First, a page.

BJourn Honours 2013
Rowan Schindler is a recent graduate from the University of the Sunshine Coast with a Bachelor of Arts in Journalism and History. He is endlessly fascinated by the lives and tales of people as well as their relationship, knowledge, appreciation and experience of the natural world. In the February of 2014, Rowan was a key contributor in the documentation of the Nunamin Illihakvia project based in the arctic community of Ulukhaktok. The documentary illustrated the importance of traditional knowledge to Inuit livelihoods in the Canadian Arctic through a community driven project to revitalize their relationship with the land. This experience has led Rowan to develop key relationships across Canada, which he expressed through his final degree project titled ‘ The land of the long white cold’. Never far from his camera, Rowan has a drive for experience and adventure. His focus and vision for the future is to continue developing his skills and knowledge, and continue his work on projects which he sees deliver useful and practical outcomes.
Vicky O’Rourke is a First Class Honours Graduate from the Regional and Urban Planning program at the University of the Sunshine Coast. Her research focuses on community engagement and social equity in achieving sustainable planning outcomes. Recent work includes exploring the rapid tourism growth in Cambodia and how it is driving the need for sustainable planning and development in the coastal areas, to protect environmental values while enhancing economic growth. This research has been supported by The Ministry of Tourism, Cambodia.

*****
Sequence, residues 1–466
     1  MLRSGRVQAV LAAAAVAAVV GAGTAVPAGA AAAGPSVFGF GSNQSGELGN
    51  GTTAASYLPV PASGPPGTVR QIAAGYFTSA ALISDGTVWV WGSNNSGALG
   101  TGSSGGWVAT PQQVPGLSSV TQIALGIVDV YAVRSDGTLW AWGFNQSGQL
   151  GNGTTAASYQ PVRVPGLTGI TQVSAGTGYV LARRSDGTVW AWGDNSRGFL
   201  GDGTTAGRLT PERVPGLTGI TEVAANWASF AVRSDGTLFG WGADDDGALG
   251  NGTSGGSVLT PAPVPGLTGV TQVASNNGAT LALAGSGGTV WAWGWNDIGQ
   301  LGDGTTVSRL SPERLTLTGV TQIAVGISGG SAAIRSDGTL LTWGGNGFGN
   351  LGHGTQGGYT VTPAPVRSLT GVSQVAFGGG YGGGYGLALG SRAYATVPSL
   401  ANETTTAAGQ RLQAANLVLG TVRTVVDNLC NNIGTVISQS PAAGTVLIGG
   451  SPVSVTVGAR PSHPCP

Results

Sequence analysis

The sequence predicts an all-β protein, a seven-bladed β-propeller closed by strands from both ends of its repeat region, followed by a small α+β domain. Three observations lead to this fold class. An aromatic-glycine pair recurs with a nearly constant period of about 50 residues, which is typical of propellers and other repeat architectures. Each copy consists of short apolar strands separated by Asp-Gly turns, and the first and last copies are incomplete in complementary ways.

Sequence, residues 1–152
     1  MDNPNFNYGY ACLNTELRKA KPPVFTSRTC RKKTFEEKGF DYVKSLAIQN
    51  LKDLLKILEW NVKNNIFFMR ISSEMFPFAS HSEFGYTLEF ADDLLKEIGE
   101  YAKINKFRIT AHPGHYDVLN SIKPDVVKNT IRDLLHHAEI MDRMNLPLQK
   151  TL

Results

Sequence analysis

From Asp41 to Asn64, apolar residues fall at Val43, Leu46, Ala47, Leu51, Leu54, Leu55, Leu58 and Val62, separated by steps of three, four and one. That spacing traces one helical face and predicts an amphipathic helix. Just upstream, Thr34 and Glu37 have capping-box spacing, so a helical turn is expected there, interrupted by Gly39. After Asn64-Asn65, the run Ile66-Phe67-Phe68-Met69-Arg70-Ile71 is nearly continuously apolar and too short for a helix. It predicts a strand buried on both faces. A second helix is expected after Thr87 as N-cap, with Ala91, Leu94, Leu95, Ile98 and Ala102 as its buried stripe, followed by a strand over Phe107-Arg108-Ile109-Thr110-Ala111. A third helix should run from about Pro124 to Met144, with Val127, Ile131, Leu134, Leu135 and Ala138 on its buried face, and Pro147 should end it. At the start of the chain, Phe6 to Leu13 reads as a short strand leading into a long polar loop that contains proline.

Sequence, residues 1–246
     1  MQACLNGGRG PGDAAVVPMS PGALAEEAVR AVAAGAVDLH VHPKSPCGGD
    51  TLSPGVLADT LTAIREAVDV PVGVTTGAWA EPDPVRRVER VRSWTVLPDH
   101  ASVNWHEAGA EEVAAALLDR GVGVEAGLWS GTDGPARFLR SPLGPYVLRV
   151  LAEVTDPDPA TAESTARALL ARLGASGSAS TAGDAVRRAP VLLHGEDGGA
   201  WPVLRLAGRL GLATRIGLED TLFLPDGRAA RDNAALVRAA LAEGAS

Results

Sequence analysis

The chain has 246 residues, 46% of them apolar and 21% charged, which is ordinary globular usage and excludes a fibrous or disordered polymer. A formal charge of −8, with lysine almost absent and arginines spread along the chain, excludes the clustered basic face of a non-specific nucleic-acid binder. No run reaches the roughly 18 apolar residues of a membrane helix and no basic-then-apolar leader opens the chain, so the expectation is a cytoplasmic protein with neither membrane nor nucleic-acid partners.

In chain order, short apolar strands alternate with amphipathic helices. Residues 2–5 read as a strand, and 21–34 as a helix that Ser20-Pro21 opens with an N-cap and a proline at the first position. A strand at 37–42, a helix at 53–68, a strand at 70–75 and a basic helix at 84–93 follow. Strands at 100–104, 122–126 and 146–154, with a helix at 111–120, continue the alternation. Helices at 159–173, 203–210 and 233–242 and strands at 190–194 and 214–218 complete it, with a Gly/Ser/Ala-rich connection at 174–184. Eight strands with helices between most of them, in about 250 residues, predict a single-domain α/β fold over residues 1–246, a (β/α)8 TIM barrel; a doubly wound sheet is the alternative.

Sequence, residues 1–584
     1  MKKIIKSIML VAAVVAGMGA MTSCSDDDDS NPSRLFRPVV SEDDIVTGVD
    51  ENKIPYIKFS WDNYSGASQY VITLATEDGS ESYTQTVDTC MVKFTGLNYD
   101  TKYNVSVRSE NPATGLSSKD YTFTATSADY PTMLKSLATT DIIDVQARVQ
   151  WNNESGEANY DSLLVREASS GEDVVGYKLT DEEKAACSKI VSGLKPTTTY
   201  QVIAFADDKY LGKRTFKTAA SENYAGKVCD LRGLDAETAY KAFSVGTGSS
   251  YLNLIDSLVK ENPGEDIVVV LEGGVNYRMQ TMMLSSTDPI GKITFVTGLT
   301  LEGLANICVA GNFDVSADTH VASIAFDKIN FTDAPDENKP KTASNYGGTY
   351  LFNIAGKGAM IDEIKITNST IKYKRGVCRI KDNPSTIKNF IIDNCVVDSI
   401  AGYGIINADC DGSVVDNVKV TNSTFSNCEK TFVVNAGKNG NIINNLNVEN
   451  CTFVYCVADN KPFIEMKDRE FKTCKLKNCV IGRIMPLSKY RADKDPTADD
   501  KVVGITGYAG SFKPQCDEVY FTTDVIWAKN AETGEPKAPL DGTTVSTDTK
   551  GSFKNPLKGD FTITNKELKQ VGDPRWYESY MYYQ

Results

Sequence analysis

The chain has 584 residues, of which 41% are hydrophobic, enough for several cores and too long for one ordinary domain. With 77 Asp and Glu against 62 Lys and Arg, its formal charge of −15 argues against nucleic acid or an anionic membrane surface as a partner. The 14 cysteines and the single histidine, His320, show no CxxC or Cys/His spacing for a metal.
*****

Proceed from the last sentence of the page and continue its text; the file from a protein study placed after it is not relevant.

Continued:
Linnaea Jasiuk is a M.A. Candidate in Geography at the University of Guelph. Linnaea’s work partners with the community of Ulukhaktok, NWT to examine Inuit women’s conceptualizations of and approaches to health in adaptation to climate change. Holding a bachelor’s of environmental sciences Linnaea brings an interdisciplinary perspective to addressing the health gap experienced by Canadian Inuit as climate change imposes. Having completed data collection in 2014, Linnaea continues to work with the community of Ulukhaktok to develop the research results into ready to use communication and health promotion material that compliments existing programs in the community. Her research is a part of the Inuit Traditional Knowledge for Adapting to the Health Effects of Climate Change, IK-ADAPT project and is supported by the Nasivvik Center for Inuit Health and Changing Environments.
Geneviève Lalonde is a M.A. Candidate in Geography at the University of Guelph. Her research seeks to contribute to the cultural negotiation of education among Inuit in the Canadian Arctic by examining adaptations, which are currently in use, and those desired by Inuit and educators, to better represent Inuit culture and modes of learning in education. The research builds on previous experiences examining perceptions of learning success among younger generation Inuit in Ulukhaktok, Northwest Territories. The research will be conducted in partnership with community. Geneviève is a recent graduate from the Bsc. Env. Geography at the University of Guelph. She hails from the Acadian community in Moncton New Brunswick.